Wasteland Gods is the long awaited novel by British-Canadian author Jonathan Woodrow. Jonathan, who moved from England with his wife to Toronto Ontario in 2007 and began writing, is a father of three and family man with a passion for writing dark stories. Wasteland Gods will be his first major novel and will be published by Horrific Tales Publishing.
The story is centered around Billy Kingston, an alcoholic who is consumed with thoughts of revenge after the brutal murder of his son is broadcast on the internet. Billy moves to a remote town – Benton Lake – to escape his current situation and escape the clutches of a divine being, Dr Verity. But little does Billy know that Verity has plans for him and plans he can’t escape.
I was lucky enough to be invited to interview the inspiring author ahead of the release of Wasteland Gods. Here’s a transcript:
What inspired you to start writing?
Writing stories is something I’ve always done, to a certain degree. I recall putting together a short Dracula story when I was about seven or eight years old and trying to sell it to my parents. I designed a cool cover and everything. Then later on, at college, I wrote a couple of scripts that never went anywhere, of course. It’s really only been during the last ten years or so I’ve started to take fiction-writing more seriously. I kept it largely to myself at first, at least until I started receiving those acceptances, and now I have a novel coming out in a little over a month, which is overwhelming.
In answer to your question, though, I don’t really know what inspired me at first. There must have been something. I’ve always loved movies, books, opera, and theatre—anything that tells a good story. I can tell you what inspires me now, and continues to do so, and that is my love of the process. Every part of this job excites me. From the initial development stage, to getting to know my characters, to ploughing through that first draft, then tearing it apart again for the second and third.
In the case of Wasteland Gods, the structural editor gave a brutal analysis of sections of the book that had to go—entire plotlines and characters. All things that I had failed to see were dragging the story down. Hearing that at first was hard (they don’t call it killing your darlings for nothing) but after making the cuts I stood back and for the first time was able to see a lean, streamlined story that flowed at a good, steady pace. The whole thing was liberating, and the book wouldn’t be what it is now had it not been for her.
Which authors would you say most influence your work and why?
I grew up with horror. From an incredibly early age I would scour the TV guide and set the VCR to record anything with a title that even remotely suggested horror. Of course my parents would regulate this a little, but without total prohibition. What I ended up with was pretty much the entire Hammer Horror Collection. Films about Dracula, Werewolves, Witches, and all kinds of other monsters. They may seem dated now but at the time they were most terrifying movies I’d ever seen.
The authors who have influenced me the most haven’t always been horror writers. I read a lot of Clive Barker and Stephen King when I was much younger and I suppose the two of them have influenced me the most. I read a wide variety of books in all different genres and I probably take away a little something from all of them. My two favourite genres would be horror and mystery/thriller, and you can probably find elements from both in Wasteland Gods.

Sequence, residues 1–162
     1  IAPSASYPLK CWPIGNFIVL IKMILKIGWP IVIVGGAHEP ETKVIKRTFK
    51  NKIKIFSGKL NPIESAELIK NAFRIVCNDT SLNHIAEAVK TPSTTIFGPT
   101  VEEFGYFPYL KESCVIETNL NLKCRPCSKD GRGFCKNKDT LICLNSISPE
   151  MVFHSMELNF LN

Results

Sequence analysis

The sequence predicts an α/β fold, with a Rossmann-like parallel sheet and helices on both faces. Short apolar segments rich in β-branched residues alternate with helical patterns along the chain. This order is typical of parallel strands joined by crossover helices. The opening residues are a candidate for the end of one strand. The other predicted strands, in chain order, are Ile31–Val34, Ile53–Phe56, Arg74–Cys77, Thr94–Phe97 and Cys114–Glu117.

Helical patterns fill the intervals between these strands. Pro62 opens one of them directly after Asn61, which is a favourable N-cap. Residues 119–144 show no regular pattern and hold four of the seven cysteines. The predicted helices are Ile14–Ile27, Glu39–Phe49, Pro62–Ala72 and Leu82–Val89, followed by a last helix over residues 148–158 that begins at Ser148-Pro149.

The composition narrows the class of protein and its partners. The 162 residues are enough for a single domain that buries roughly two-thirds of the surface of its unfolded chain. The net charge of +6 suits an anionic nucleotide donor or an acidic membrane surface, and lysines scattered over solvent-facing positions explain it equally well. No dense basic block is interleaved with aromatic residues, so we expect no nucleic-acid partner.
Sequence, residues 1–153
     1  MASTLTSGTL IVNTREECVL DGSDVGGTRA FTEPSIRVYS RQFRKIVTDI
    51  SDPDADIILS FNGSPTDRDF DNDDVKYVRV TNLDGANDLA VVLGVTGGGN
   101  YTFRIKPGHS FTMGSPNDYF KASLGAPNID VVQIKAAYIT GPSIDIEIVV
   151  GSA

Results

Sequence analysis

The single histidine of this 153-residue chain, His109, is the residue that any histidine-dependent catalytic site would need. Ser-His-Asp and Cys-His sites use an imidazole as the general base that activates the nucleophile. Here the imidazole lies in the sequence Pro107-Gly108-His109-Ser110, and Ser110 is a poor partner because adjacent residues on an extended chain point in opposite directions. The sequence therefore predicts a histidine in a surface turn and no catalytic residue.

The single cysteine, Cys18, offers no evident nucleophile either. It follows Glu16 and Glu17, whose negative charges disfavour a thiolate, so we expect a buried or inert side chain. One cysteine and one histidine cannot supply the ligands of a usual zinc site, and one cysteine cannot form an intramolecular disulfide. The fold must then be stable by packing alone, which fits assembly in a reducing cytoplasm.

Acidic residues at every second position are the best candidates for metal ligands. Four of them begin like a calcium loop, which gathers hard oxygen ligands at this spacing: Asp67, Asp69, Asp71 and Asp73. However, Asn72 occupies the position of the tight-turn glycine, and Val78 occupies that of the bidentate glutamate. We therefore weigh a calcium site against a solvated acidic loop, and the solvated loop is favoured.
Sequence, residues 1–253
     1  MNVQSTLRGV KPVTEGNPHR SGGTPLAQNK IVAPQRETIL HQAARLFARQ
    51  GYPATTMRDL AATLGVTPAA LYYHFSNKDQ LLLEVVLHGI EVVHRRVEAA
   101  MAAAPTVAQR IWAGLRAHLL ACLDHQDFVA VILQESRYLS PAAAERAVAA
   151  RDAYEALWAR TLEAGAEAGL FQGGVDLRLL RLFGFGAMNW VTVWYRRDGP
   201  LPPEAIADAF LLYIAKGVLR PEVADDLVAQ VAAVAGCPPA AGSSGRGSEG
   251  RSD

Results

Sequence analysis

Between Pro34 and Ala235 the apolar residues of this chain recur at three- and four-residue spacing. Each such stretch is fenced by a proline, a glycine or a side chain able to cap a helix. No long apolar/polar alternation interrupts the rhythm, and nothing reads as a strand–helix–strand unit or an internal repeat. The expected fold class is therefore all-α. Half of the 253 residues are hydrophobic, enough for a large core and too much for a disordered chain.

You’re married and have three children. How do you find the time to write as well?
Two answers there: With great difficulty; and because I have an amazing, supportive wife. Seriously though, I’ve found that you can always make time for something if you’re serious enough about doing it. Even if it’s just an hour or two a day. I finished my first draft of Wasteland Gods around November 2012. I had been trying to develop it for some time without much success, and I eventually just sat down one day and started writing it.
In the industry they say there are two ways a writer can write: pantsing or plotting. Some folks can sit down and outline and entire novel, scene-by-scene, then write it. And their finished product will hardly deviate from that original plan at all. They’re called plotters. Others, like me, can’t do that. Their muse doesn’t make an appearance until they’re actually writing something. So they sit down, start writing, and hope that they’re going in the right direction. Flying by the seat of their pants, so to speak. They’re called pantsers.
I found that when I sat down and started writing, I was able to hit a couple thousand words a day and was finished with the first draft in a little over two months. Plot ideas and future scenes came to me as I was working. Of course, I then tore it to shreds in the editing/redrafting process but at least I had something to work with.
What do you have planned next for your career in writing? Have you started another novel yet?
I’m working on a few different projects at the moment. A couple of novels still in the early development stages and one I’m actively working on right now. I’m hesitant to divulge any details (mostly because it could change quite drastically before I’m finished), but needless to say, it’ll be dark.
Wasteland Gods is available now to pre-order now on Kindle Edition.